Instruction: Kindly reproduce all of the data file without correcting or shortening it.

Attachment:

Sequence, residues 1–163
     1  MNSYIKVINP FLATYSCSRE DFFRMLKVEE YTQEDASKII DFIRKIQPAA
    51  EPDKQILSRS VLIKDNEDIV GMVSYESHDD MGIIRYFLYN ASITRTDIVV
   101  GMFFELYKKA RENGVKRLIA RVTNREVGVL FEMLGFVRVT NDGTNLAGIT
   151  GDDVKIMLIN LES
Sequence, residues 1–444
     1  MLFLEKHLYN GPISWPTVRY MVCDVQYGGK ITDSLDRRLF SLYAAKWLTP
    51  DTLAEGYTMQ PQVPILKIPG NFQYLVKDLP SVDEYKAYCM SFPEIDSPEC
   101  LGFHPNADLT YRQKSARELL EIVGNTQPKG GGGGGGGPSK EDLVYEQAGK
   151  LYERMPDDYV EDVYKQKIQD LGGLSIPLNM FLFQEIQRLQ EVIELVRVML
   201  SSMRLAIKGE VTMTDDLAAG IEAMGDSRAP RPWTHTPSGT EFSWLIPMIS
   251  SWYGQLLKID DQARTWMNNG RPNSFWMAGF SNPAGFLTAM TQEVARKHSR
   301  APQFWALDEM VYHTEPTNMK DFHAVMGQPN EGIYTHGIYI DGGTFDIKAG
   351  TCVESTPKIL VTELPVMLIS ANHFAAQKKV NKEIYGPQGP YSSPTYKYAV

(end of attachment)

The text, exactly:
Sequence, residues 1–163
     1  MNSYIKVINP FLATYSCSRE DFFRMLKVEE YTQEDASKII DFIRKIQPAA
    51  EPDKQILSRS VLIKDNEDIV GMVSYESHDD MGIIRYFLYN ASITRTDIVV
   101  GMFFELYKKA RENGVKRLIA RVTNREVGVL FEMLGFVRVT NDGTNLAGIT
   151  GDDVKIMLIN LES
Sequence, residues 1–444
     1  MLFLEKHLYN GPISWPTVRY MVCDVQYGGK ITDSLDRRLF SLYAAKWLTP
    51  DTLAEGYTMQ PQVPILKIPG NFQYLVKDLP SVDEYKAYCM SFPEIDSPEC
   101  LGFHPNADLT YRQKSARELL EIVGNTQPKG GGGGGGGPSK EDLVYEQAGK
   151  LYERMPDDYV EDVYKQKIQD LGGLSIPLNM FLFQEIQRLQ EVIELVRVML
   201  SSMRLAIKGE VTMTDDLAAG IEAMGDSRAP RPWTHTPSGT EFSWLIPMIS
   251  SWYGQLLKID DQARTWMNNG RPNSFWMAGF SNPAGFLTAM TQEVARKHSR
   301  APQFWALDEM VYHTEPTNMK DFHAVMGQPN EGIYTHGIYI DGGTFDIKAG
   351  TCVESTPKIL VTELPVMLIS ANHFAAQKKV NKEIYGPQGP YSSPTYKYAV